Use Plot, Genre, and Emotion to Tell a Compelling Story

This is the way most people come up with a story. They first come up with an interesting plot. That’s step one, but then they skip the next two steps and rush right off into writing the screenplay. Predictably, having an interesting plot is the least interesting part of any story and following this route inevitably leads to mediocre to weak stories.

Every story needs an interesting plot or story. However, the second step is defining the genre. Imagine a plot about a being from another dimension opening up a portal to this universe to take over the world. This could be an action story, a horror story, or as seen in “Ghostbusters,” a comedy. The plot or log line defines what the story is about. The genre defines how you plan to tell that story.

Take two identical plots, tell it through a different genre, and you essentially have two completely different stories despite having the same plot.

There’s the story of forbidden love where a man falls in love with a woman but outside circumstances work against their love. This is the story of “Romeo and Juliet” and “West Side Story,” which are both tragedies. it’s also the story in “The Big Sick,” which is based on the true story of Pakistan-born comedian Kamuil Nanjiani, who falls in love with a white woman and must deal with the resistance coming from his family and her family. “The Big Sick” is more of a comedy while “Romeo and Juliet” is more of a tragedy despite having nearly identical plots.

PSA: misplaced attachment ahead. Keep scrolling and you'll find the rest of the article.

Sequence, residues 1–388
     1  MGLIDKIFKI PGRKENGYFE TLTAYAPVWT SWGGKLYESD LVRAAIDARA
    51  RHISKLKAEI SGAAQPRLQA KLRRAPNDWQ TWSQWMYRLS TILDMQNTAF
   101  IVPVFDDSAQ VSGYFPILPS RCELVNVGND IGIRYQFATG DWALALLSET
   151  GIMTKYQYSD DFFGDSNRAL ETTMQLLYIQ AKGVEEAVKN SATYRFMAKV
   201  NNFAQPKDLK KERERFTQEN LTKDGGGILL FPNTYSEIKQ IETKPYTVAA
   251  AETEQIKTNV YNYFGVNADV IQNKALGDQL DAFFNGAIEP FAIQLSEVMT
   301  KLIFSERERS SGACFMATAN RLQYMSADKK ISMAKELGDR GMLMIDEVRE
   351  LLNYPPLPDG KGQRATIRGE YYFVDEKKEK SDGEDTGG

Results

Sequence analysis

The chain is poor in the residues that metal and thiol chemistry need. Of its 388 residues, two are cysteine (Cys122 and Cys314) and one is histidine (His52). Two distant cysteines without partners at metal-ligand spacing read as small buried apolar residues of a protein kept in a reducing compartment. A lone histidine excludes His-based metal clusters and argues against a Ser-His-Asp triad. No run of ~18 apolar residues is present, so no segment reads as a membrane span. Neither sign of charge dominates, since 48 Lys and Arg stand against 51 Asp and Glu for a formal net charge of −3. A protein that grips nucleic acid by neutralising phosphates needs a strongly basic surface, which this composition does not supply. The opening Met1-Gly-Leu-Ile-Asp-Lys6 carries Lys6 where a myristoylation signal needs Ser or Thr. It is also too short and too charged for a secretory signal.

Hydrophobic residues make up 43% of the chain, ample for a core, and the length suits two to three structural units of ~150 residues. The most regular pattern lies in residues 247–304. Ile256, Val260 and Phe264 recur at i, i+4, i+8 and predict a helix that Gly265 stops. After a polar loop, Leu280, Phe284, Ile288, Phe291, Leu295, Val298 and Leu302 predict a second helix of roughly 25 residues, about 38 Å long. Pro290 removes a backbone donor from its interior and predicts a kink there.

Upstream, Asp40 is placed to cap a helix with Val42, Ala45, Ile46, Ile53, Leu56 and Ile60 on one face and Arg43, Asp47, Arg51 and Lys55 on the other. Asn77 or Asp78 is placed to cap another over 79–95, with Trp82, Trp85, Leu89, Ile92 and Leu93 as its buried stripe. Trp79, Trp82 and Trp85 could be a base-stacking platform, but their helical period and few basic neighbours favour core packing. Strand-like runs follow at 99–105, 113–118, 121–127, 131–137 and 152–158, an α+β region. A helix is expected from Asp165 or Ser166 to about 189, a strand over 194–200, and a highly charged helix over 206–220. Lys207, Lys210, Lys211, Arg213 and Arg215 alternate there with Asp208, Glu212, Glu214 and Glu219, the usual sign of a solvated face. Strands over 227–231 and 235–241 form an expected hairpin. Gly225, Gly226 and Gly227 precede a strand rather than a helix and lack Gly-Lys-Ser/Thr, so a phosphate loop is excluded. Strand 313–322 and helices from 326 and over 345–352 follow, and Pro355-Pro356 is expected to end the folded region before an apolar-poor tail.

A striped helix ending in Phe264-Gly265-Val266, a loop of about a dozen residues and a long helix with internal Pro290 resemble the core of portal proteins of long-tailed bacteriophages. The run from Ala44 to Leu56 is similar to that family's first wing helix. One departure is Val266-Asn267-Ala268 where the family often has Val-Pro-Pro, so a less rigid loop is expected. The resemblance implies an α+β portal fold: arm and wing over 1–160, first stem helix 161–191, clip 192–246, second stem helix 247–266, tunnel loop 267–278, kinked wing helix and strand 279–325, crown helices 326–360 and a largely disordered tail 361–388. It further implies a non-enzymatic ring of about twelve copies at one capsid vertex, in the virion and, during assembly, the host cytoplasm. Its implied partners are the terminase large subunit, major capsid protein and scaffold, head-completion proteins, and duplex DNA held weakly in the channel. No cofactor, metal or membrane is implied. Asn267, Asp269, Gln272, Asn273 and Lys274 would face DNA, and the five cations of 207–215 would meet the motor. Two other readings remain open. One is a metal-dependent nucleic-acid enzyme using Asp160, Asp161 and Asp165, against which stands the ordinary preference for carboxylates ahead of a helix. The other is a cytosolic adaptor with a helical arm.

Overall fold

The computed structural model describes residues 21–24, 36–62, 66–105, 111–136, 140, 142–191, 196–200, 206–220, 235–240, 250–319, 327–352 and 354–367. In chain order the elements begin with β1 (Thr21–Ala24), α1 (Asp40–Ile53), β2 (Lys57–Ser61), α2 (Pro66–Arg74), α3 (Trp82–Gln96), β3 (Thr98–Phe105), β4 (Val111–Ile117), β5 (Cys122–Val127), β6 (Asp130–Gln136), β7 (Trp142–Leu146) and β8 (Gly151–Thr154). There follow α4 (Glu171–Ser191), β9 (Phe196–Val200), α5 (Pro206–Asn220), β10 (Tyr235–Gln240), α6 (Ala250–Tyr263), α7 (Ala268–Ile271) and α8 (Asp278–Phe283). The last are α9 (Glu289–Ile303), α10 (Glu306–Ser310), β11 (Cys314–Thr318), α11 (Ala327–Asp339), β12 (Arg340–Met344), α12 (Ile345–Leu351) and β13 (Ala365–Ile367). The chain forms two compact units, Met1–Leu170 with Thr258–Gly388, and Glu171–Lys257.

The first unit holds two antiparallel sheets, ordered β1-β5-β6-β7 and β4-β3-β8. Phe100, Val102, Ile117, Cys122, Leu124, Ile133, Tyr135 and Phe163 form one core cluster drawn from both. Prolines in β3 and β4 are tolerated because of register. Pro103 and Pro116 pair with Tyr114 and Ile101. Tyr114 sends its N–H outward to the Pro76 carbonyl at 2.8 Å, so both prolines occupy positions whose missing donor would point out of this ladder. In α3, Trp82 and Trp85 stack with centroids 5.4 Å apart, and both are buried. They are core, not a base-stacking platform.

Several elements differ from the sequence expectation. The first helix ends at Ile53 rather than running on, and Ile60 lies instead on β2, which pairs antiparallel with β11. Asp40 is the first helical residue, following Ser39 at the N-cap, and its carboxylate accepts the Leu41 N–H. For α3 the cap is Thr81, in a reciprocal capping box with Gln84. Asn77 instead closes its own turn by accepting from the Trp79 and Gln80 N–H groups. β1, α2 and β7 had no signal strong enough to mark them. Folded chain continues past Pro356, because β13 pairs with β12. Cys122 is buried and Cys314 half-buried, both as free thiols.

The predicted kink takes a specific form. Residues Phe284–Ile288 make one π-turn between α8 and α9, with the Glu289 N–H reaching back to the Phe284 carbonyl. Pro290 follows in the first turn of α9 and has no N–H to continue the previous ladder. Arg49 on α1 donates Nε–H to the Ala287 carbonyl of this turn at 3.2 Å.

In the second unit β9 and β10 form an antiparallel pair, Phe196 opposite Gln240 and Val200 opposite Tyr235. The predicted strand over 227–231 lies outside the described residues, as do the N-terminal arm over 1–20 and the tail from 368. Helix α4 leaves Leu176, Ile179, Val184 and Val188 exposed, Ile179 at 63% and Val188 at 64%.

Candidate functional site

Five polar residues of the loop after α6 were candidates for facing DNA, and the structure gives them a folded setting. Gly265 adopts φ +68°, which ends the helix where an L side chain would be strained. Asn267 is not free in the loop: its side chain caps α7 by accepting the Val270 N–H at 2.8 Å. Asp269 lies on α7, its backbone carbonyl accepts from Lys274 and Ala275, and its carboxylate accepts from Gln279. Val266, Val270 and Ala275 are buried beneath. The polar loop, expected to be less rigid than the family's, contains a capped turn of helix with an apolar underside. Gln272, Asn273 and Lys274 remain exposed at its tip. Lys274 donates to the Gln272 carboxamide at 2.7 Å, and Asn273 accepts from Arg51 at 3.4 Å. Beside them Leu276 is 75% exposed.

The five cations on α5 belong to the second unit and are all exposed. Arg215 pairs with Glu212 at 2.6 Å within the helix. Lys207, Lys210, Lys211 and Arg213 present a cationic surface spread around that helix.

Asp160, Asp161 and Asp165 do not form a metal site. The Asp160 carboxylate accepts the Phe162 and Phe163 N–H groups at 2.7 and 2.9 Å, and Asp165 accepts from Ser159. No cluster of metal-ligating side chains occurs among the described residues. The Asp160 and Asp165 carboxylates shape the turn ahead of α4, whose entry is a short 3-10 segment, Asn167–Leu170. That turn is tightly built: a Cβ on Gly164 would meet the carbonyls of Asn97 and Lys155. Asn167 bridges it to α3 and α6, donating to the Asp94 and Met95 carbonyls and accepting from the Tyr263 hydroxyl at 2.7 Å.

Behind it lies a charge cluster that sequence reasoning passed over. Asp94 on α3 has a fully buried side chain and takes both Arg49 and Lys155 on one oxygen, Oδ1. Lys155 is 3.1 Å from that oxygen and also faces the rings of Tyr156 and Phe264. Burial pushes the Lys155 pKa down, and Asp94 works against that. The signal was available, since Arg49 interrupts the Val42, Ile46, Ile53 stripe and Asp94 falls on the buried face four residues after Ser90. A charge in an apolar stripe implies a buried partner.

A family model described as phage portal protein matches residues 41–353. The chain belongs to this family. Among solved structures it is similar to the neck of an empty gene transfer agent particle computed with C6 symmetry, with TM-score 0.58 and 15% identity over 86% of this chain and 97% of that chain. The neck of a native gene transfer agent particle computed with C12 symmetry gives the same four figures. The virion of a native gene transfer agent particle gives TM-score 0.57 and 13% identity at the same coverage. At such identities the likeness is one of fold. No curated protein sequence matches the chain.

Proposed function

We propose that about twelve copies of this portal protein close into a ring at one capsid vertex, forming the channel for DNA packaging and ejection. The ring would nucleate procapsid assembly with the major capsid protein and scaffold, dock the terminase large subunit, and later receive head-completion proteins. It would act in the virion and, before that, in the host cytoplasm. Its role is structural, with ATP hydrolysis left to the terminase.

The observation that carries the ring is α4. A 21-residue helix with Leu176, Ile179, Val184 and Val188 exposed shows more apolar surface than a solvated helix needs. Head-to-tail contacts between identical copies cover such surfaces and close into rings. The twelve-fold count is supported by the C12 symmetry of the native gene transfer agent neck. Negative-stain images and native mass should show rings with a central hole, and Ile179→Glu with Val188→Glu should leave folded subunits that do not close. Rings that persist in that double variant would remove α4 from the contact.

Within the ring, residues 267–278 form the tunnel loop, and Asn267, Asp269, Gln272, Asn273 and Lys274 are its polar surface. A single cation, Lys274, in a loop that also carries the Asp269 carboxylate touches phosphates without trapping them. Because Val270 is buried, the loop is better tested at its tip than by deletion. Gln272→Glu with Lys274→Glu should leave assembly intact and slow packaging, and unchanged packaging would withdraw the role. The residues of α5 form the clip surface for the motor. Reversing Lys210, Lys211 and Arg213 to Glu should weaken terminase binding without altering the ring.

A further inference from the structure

A plot is easy. Filtering that plot through a genre further defines the type of story you want to tell. The final third step is defining the emotional experience you want audiences to feel.

“Romeo and Juliet” leaves audiences with the sense of sadness at the failure of Romeo and Juliet to find a happy life. On the other hand, “The Big Sick” leaves audiences with an upbeat, optimistic feeling that despite the resistance of two families, the hero managed to stay with the woman he loves.

When outlining your own stories, define these three steps:

  • The plot
  • The genre
  • The emotional experience

The biggest mistake writers make is trying to create an original story plot, which is impossible since stories have been around for centuries. Trying to create an original plot is like trying to build a perpetual motion machine. It may sound nice, but it’s impossible.

A far better solution is to pick a plot from any story and then adapt it to your particular characters and setting. “Clueless” took the plot of the Jane Austen novel “Emma” and put it in the modern day setting of Beverly Hills.

Once you have a plot, define the genre to determine how you want to tell that story. “Ghostbusters” could have worked as a straight horror movie but it turned out to be a great comedy movie instead. Just by choosing a different genre, you can create an original story regardless of the plot.

Finally, define the emotional experience you want audiences to feel. “Ghostbusters” isn’t about fighting a being from another dimension so much as it’s about the hero finding love.

“Don’t Breathe” is a horror movie about a girl trying to escape from a boarded up house while also trying to escape her dead end life with her mother. “Titanic” is a drama about a woman trying to escape from a sinking ocean liner while also trying to escape a dead end marriage to a man she doesn’t love. The plots and emotional experiences are nearly identical in both stories, but the genre differs.

By mixing and matching plot, genre, and emotional experience, you can create an original story. That’s the real secret of telling a unique story.

Leave a Reply

Your email address will not be published. Required fields are marked *

Time limit is exhausted. Please reload CAPTCHA.